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Respiratory tract diseases

Obesity increases risk of childhood asthma by 29%, say researchers

A retrospective cohort study involving more than 500,000 children found that obesity increases asthma risk by up to 29%.

Obese child with bronchodilator mask

Source: Shutterstock.com

Research has suggested that up to 10% of all childhood asthma cases could be avoided in the absence of obesity

Obesity is a major preventable cause of childhood asthma, conclude the authors of a study published in Paediatrics (online, 30 November 2018)[1].

The research used data from 507,496 children aged 2–17 years without asthma at baseline, who were followed-up for an average of 4 years. Asthma incidence was determined by at least two healthcare visits with a recorded asthma diagnosis and at least one inhaler prescription.

Those classified as overweight had a 17% greater risk, and those classified as obese had a 26% greater risk of incident asthma, compared with healthy-weight children. The risk of spirometry-confirmed asthma was not significantly increased in overweight children, but was increased by 29% in obese children.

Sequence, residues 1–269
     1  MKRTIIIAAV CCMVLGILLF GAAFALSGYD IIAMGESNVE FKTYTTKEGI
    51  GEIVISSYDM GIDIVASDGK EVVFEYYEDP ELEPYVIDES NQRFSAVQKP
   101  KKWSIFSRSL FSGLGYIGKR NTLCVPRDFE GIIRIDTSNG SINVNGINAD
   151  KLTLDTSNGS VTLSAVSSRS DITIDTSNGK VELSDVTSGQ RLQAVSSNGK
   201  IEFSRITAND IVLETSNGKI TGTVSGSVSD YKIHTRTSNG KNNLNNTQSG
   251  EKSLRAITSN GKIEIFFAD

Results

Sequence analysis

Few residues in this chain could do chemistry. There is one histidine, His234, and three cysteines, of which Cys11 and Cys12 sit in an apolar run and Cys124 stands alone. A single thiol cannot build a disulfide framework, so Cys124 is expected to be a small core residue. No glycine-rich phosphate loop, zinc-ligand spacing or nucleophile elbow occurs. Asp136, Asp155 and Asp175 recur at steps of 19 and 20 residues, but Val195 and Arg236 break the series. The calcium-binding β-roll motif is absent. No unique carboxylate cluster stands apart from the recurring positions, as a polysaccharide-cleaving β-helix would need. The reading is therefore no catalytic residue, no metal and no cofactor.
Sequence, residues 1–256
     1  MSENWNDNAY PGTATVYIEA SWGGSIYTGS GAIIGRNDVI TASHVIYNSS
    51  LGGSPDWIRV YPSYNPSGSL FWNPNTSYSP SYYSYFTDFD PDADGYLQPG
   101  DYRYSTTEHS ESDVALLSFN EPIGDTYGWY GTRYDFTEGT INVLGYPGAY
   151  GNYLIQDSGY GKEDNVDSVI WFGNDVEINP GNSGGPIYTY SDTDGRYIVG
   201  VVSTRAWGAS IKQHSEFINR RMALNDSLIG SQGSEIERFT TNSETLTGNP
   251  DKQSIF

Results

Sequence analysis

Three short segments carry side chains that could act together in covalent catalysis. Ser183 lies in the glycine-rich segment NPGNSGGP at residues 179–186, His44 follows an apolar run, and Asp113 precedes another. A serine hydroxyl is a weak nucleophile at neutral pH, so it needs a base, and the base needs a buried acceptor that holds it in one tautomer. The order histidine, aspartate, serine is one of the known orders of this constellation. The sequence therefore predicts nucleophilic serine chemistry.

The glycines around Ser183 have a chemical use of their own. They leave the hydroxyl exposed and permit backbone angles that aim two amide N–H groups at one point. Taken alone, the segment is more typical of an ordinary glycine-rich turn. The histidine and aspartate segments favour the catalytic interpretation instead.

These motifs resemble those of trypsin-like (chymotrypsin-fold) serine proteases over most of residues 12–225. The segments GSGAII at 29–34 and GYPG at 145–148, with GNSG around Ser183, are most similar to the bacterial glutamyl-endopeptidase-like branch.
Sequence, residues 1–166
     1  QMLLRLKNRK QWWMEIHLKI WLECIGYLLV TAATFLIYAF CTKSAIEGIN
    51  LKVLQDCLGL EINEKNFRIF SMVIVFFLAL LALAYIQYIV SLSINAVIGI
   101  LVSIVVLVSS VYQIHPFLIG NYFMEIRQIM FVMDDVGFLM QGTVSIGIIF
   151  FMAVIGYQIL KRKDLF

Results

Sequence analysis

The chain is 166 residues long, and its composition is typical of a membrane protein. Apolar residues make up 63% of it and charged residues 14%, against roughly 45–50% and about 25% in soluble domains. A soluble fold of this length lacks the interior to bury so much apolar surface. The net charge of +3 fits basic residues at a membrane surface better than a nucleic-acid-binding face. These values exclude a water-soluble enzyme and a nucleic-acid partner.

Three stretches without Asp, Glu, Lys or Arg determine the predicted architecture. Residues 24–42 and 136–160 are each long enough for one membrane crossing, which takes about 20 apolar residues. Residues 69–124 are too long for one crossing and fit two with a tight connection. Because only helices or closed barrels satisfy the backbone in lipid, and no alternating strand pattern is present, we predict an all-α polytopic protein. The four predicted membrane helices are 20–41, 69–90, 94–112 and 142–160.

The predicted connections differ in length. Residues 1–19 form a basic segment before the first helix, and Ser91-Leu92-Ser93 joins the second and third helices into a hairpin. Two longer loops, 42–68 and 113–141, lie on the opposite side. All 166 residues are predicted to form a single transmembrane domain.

The researchers explained that obesity had been linked to incident asthma in adults, but the relationship in children was less clear.

Overall, they said that reducing the onset of obesity in childhood would significantly reduce the public health burden of asthma in children, and that 10% of all asthma cases could be avoided. 

“Successful interventions which reduce paediatric obesity must be a major public health priority to improve the quality of life of children and reduce obesity’s contribution to paediatric asthma,” the team concluded.

Citation: Clinical Pharmacist DOI: 10.1211/CP.2019.20205936

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